"After his death the first plaintiff and his sisters brought before me a letter of complaint alleging that one Kofi Nimo and family were trying to deprive them of their late father's properties. Their father was the late Joseph Nyame. I issued a summons inviting plaintiffs and Kofi Nimo and family together with the Abesuahene, and the local court magistrate, Mr. Osei and the C.P.P. Chairman to my office at Teppa. After issuing the summons I saw Osei Kojo, the local magistrate. He came and interviewed me in my rest house. Osei Kojo came and told me that late Abesua Nyame had helped him personally and that he wanted me to assist him by appointing one of Osei Kojo's brothers to look after the properties of the late Nyame and look after the children. I told him to come to the meeting. On the scheduled date all those invited attended except Osei Kojo. During the hearing I read the letter of complaint of the plaintiffs to the gathering. After this the first defendant told me that he is acting as successor to late Nyame and that he had been empowered to do so by his family. Kofi Nimo then asked the family to express their views. All the members of the family were willing to hand over the properties to the children of late Nyame, the plaintiff, , because, as they said, the children had nowhere to go to as their mother was dead and their father too had died. I told them to go and hand over the properties to the children and live peacefully with them and that they should report to me when they had handed over. They went away. After a few weeks, later Nyame?'s children came back and reported that Kofi Nimo and his family met them and showed them a little portion of one farm belonging to their late father and told them to take that, and they refused, and so came to repent to me?". [p.311] Under cross-examination this is what he said:

Q. I put it to you that what was agreed upon at your office was that the defendants agreed to give some not all of the properties of Nyame to the plaintiffs.

A. No, it was agreed that they give all the properties to the plaintiffs.

When they wanted the district commissioner to intercede on their behalf the plaintiffs incorporated their request in a letter. This is exhibit 1. In it they only asked for some of their father's farms. The chief of Abesua giving evidence on this point also admitted that the plaintiffs first approached him to intercede with Kofi Nimo on their behalf so that he might give them some of their father's farms. All the defendants who gave evidence on this also claimed that only some of the farms were promised to the plaintiffs. Backed by the exhibit 1 I am inclined to believe that at the arbitration only part of the property was asked for and promised. From the evidence it seems to me that the award was not final because the identity of the farm to be given to the plaintiffs was not then certain. For that reason therefore I would hold that the alleged arbitration was not final and that no proper award was made.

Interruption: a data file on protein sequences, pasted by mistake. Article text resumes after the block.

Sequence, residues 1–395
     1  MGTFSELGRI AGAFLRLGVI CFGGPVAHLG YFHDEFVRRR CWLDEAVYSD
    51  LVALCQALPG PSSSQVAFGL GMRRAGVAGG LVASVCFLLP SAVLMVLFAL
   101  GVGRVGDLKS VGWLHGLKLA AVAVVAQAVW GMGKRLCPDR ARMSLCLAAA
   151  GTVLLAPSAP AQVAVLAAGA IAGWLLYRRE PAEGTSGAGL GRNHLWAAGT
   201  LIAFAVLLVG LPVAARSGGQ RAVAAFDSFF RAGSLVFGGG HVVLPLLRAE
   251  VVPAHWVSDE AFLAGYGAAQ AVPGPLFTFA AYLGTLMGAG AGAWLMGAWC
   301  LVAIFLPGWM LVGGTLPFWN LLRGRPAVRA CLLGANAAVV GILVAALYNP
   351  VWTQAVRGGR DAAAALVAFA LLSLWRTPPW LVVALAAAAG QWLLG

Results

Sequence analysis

There now remain two points canvassed by the defendants in support of their plea that the late Nyame was adopted into the family. The defendants alleged that Nyame, when he was alive, was appointed the head of the defendants' family. The evidence on this was so very contradictory and unsatisfactory that I do not accept it as true. I told the first defendant when he was giving evidence that I did not believe him at all. It was also suggested that the late Nyame succeeded to the late Kojo Kuma, Osei Kojo's father. This was denied by the chief of Abesua. He said that when it was suggested that the late Nyame should succeed Kojo Kuma he refused and said he was not a relative of Kojo Kuma, and that Kojo Addai rather should be given the succession. Kojo Addai therefore succeeded.

In the final result I am satisfied from the evidence that late Nyame was not an Ashanti but came from Sirem (North of Ghana or Upper Volta). I am satisfied further that when he came to Abesua he became attached to the late Kojo Fordjuor. I use "attached" in the purely social sense, not in the sense of any relationship. I am furthermore satisfied that he removed from Abesua and lived in a cottage by himself with his wife and children until about seven or nine years ago when in his old age he came to live in Abesua itself. I do not believe that he opted to join the family of the defendants, or that he was adopted as a member of the said family. The late Abesua Nyame died without leaving any known blood relative except his own children, the plaintiffs. I think it is equitable and in accordance with good sense and natural justice that in the particular circumstances of the case the plaintiffs should succeed to their father's property.

I give judgment for the plaintiffs for a declaration that they are to succeed to their father's properties as set out in their claim. The defendants are to give them possession forthwith. The plaintiffs will have their costs assessed at 65 guineas.

Decision


Plaintiff / Appellant

Appiah-Menka

Defendant / Respondent

I. R. Aboagye

Referals